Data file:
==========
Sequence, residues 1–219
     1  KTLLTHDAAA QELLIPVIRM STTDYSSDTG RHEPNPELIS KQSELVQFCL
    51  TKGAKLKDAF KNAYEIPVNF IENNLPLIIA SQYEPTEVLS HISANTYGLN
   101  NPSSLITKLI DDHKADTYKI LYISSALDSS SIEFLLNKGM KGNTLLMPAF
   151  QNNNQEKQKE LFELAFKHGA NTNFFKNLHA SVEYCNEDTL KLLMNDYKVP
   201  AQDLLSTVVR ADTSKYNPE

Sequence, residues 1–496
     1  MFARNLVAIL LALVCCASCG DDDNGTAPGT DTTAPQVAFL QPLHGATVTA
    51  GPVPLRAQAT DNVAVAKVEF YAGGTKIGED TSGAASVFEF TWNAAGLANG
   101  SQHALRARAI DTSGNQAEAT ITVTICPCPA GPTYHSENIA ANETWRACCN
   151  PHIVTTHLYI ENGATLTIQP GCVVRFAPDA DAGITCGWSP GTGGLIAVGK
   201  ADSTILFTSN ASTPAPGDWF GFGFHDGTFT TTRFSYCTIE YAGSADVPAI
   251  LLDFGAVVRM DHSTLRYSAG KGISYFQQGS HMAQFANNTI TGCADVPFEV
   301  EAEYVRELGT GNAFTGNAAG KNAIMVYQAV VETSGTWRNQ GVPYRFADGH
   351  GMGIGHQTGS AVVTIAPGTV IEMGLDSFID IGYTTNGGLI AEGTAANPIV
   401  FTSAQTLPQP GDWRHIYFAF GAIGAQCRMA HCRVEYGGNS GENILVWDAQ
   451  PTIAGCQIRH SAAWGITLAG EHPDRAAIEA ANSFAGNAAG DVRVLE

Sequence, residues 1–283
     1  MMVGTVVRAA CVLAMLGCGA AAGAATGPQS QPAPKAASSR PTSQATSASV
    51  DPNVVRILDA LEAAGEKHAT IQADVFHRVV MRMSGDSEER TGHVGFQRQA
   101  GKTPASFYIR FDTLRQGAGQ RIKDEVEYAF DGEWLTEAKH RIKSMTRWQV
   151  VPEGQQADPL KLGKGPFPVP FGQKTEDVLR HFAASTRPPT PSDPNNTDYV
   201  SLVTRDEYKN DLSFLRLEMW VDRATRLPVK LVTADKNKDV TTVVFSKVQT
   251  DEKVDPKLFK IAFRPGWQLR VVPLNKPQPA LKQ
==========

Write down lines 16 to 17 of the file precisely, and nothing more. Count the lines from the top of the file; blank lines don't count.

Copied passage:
   401  FTSAQTLPQP GDWRHIYFAF GAIGAQCRMA HCRVEYGGNS GENILVWDAQ
   451  PTIAGCQIRH SAAWGITLAG EHPDRAAIEA ANSFAGNAAG DVRVLE